It really must be just that tiny bit of silicon that would go into the integrated iris pro graphics just given it's own pcb and heatsink and more ample power limits but almost no extra cores.
 

Bobbydpue

Posts: 220   +145
Saw this yesterday on ETA Prime's channel (Does rather good content on low end rigs and dev boards and other such devices like tablets) and it is fairly disappointing that intel couldn't at least match the 1050 performance: their dedicated GPU even if it's the low end, can't even compete with AMD's APUs right now.

It really must be just that tiny bit of silicon that would go into the integrated iris pro graphics just given it's own pcb and heatsink and more ample power limits but almost no extra cores.
It's a 30 watt GPU being paired with a CPU without integrated graphics during a GPU drought. Neither ASUS or Intel made any performance claims about this new GPU. Everything from the passive cooling to the low power needs to the likely low cost says "this is a budget GPU". I don't know why you got your hopes up.
 

Dimitriid

Posts: 942   +1,734
It's a 30 watt GPU being paired with a CPU without integrated graphics during a GPU drought. Neither ASUS or Intel made any performance claims about this new GPU. Everything from the passive cooling to the low power needs to the likely low cost says "this is a budget GPU". I don't know why you got your hopes up.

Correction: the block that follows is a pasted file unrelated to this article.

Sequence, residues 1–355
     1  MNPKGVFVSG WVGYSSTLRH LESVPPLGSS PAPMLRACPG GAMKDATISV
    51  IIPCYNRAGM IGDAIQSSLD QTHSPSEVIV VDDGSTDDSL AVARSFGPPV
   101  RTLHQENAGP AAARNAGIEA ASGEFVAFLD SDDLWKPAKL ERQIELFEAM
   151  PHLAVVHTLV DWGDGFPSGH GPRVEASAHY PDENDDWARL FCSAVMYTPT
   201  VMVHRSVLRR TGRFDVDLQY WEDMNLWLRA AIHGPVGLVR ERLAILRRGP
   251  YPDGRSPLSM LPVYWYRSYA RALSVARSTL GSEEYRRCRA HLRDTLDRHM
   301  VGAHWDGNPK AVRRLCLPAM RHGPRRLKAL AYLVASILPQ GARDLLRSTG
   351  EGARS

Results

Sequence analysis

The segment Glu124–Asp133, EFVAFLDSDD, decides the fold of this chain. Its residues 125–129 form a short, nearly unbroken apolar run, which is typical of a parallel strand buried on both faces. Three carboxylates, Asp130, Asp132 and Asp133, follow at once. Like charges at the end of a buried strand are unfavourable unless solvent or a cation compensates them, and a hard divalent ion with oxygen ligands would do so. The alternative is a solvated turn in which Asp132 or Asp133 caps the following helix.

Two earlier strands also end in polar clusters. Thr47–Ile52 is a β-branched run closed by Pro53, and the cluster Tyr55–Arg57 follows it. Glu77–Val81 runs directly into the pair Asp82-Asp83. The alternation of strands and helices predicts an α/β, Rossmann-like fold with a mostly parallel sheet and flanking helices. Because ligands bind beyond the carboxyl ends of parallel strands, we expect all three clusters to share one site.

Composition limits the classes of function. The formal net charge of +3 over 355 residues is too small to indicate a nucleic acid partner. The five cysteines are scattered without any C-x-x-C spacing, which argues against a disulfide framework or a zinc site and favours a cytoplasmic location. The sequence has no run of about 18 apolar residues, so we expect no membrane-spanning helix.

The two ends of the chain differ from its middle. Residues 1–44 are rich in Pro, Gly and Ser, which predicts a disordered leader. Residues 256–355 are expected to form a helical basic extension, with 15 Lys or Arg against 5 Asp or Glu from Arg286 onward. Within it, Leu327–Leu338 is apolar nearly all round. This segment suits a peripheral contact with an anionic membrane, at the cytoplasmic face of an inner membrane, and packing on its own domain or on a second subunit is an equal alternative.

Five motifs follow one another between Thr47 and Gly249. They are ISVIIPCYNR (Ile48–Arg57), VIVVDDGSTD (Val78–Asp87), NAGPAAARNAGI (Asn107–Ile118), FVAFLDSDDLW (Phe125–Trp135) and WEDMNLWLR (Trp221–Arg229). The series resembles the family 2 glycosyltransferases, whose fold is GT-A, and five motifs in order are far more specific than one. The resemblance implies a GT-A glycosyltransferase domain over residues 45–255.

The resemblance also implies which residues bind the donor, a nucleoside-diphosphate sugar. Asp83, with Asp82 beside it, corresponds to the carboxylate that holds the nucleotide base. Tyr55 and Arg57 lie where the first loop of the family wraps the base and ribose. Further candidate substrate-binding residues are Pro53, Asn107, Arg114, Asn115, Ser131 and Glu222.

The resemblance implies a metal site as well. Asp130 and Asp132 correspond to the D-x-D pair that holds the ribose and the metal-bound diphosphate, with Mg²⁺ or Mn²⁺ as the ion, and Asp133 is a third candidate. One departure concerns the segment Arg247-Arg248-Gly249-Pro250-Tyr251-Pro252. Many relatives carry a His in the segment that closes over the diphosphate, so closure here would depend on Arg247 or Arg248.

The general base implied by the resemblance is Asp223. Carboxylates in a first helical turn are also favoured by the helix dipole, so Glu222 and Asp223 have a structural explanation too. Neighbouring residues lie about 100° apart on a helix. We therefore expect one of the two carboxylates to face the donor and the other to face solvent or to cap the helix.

As I alluded to, we know what AMD can do given a power limit of about the same on an APU (65 watts shared with the CPU so 30 watts is generous)

But to your point, I guess my issue has more to do with how useless I find these types of cards and not this one specifically, whenever it's this one or a 1030 or a 710/730 or anything like that: if the option is there to do just as good with integrated graphics then why not chose AMD for it then?

Seems like it has a lot less to do with tech and a lot more to do with companies that have an overall contractual obligations with intel to *not* use AMD APUs and just need this very specific case of "Better than UHD but not worth a high performance GPU" cases.

But assuming intel can scale up to 100-150 watts range then I probably would consider them, specially if the do better on supply than Nvidia and AMD right now, we'll see.
 
As I alluded to, we know what AMD can do given a power limit of about the same on an APU (65 watts shared with the CPU so 30 watts is generous)

But to your point, I guess my issue has more to do with how useless I find these types of cards and not this one specifically, whenever it's this one or a 1030 or a 710/730 or anything like that: if the option is there to do just as good with integrated graphics then why not chose AMD for it then?